Dr._Faustus_paper

Dr._Faustus_paper - Nancy Crawley Eng. 205 July 29, 2010...

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Nancy Crawley Eng. 205 July 29, 2010 Does Faustus Ever Truly Repent? Dr. Faustus was an incredibly intelligent man who achieved great goals in his life. Throughout his life, he worked in various different fields of intellectual endeavor. He mastered everything he did with ease and began to wonder what else life truly had to offer him. After he reviewed all of his great accomplishments, he decided that performing necromancy was the only way he could achieve delight, power, honor, and fulfillment. Eventually and after careful consideration, Faustus decided to sell his soul to the devil. As a reader, one wonders throughout the entire story if he ever regrets his decision. In the end, Dr. Faustus never truly repented for the bad he did. Doctor Faustus was very intelligent but felt that he had achieved the end of all various studies of the world that he had been working in. He believed that he had mastered his skills as a physician, knew every detail of various laws, knew all there was to know about philosophy, and he believed that his study in divinity had reached the point of dissatisfaction for him. He felt as if he had surpassed all of these different types of positions and felt as if he needed more fulfillment in his life. He found himself to be confined by mere human knowledge, so he then decided to turn to magic for greater powers and less limitations. When he turned to the devil for magic, he did not truly realize how unsatisfied he still would be and how much pain he would bring in his short- lived life. According to Christian beliefs, the entire world is seen as having a certain type of order and that order is not to be changed around. It starts with God and then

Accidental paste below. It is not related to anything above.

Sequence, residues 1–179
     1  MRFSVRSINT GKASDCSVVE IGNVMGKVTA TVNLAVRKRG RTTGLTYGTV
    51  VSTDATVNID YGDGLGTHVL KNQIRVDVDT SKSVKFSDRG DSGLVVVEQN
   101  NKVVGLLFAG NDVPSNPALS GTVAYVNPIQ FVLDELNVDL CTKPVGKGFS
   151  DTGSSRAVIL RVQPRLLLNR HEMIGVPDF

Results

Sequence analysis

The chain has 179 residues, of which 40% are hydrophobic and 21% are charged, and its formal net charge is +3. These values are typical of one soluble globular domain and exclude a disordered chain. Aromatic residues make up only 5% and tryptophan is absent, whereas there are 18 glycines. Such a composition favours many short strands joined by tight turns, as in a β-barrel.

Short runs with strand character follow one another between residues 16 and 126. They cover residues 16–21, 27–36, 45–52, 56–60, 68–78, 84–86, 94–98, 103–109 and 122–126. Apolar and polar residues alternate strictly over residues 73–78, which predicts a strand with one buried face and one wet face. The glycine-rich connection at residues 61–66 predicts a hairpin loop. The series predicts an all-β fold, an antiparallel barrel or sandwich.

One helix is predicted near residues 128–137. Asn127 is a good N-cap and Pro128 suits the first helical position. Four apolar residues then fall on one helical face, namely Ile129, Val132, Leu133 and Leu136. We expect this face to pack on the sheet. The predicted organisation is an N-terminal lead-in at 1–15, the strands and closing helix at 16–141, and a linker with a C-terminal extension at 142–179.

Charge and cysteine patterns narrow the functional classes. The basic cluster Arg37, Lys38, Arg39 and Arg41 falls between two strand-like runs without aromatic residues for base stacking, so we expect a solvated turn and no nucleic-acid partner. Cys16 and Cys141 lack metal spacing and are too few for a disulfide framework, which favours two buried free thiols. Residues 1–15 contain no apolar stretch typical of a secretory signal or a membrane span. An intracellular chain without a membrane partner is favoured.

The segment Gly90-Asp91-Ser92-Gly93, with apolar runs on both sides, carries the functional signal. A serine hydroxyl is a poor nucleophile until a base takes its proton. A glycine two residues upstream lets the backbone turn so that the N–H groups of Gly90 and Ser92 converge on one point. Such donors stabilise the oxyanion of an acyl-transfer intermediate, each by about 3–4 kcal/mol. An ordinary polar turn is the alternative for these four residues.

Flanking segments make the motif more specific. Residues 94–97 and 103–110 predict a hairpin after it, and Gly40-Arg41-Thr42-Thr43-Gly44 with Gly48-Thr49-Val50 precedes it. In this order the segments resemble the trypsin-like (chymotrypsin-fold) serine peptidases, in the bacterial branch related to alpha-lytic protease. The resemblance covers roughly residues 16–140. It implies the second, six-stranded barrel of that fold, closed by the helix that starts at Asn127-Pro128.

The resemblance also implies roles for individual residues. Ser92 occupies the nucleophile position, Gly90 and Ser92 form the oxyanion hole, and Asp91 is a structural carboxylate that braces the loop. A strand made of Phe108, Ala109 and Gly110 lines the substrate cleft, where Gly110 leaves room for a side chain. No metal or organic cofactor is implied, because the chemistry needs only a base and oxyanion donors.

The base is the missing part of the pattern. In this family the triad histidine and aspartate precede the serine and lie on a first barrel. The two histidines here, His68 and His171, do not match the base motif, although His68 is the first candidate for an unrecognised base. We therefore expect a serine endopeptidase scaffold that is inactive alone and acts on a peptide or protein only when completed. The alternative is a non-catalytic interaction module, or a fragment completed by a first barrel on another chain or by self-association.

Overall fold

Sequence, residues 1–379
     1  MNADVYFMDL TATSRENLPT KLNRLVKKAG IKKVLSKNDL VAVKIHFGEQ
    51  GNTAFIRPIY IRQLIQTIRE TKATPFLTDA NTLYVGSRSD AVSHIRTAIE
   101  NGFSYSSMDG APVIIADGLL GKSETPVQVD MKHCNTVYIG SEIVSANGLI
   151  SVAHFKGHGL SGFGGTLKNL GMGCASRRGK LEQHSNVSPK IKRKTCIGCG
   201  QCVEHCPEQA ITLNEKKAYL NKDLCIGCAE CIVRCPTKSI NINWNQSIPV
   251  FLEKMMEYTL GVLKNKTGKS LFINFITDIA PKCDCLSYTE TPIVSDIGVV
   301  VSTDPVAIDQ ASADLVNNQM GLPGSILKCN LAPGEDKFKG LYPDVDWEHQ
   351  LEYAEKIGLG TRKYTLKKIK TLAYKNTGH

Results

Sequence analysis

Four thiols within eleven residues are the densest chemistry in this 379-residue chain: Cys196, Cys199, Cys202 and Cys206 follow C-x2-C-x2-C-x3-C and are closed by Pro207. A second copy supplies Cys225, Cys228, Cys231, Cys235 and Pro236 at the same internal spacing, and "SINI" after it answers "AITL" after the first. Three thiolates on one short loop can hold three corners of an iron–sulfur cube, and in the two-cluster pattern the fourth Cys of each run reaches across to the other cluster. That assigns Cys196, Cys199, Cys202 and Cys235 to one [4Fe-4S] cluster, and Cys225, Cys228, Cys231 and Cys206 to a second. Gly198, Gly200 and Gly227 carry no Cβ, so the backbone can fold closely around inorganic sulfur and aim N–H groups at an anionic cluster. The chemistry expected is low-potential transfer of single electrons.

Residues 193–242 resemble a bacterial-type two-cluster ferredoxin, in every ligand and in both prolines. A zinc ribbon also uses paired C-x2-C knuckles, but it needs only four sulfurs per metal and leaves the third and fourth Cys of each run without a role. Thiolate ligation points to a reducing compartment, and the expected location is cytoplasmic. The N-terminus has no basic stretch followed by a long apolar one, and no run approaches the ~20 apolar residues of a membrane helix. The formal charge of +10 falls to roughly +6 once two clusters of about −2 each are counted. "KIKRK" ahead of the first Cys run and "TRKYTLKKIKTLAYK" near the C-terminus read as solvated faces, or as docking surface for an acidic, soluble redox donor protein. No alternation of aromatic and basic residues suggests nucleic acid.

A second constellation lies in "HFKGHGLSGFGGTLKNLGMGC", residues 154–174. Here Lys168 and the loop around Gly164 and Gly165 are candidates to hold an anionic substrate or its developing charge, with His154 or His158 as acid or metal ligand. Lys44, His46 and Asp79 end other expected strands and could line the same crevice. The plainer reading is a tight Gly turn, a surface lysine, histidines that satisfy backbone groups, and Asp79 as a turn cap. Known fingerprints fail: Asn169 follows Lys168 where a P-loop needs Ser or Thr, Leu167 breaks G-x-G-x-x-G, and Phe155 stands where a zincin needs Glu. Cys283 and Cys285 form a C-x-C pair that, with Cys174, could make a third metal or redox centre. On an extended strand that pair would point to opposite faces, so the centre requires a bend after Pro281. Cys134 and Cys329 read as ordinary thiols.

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Nancy Crawley Eng. 205 July 29, 2010 descends going from the angels , to humans, then animals, and finally nature. This view is known to be dangerous for someone to try and rise above their assigned level. When Faustus decides to rise above his position as a human by coming to un-natural powers, it makes his soul become in critical jeopardy. In scene three Faustus performs his first actual incantation. In Latin he muttered passages that brought Mephistophilis, the prince of the underworld who became his servent for the next twenty-four years, alive. When he realized he actually had the power to call upon the devil, he began to think greatly of himself which would later get him into trouble. In lines 90-97, Doctor Faustus spoke to Mephistophilis telling him to go to Lucifer and speak to him of a deal. “Say, he surrenders up to him his soul so he will spare him four and twenty years, letting him live in all voluptuousness, having thee ever to attend on me, to give me whatsoever I shall ask, to tell me whatsoever I demand, to slay mine enemies, and aid my friends, and always be obedient to my will” (Scene three, Line 90-97).
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Dr._Faustus_paper - Nancy Crawley Eng. 205 July 29, 2010...

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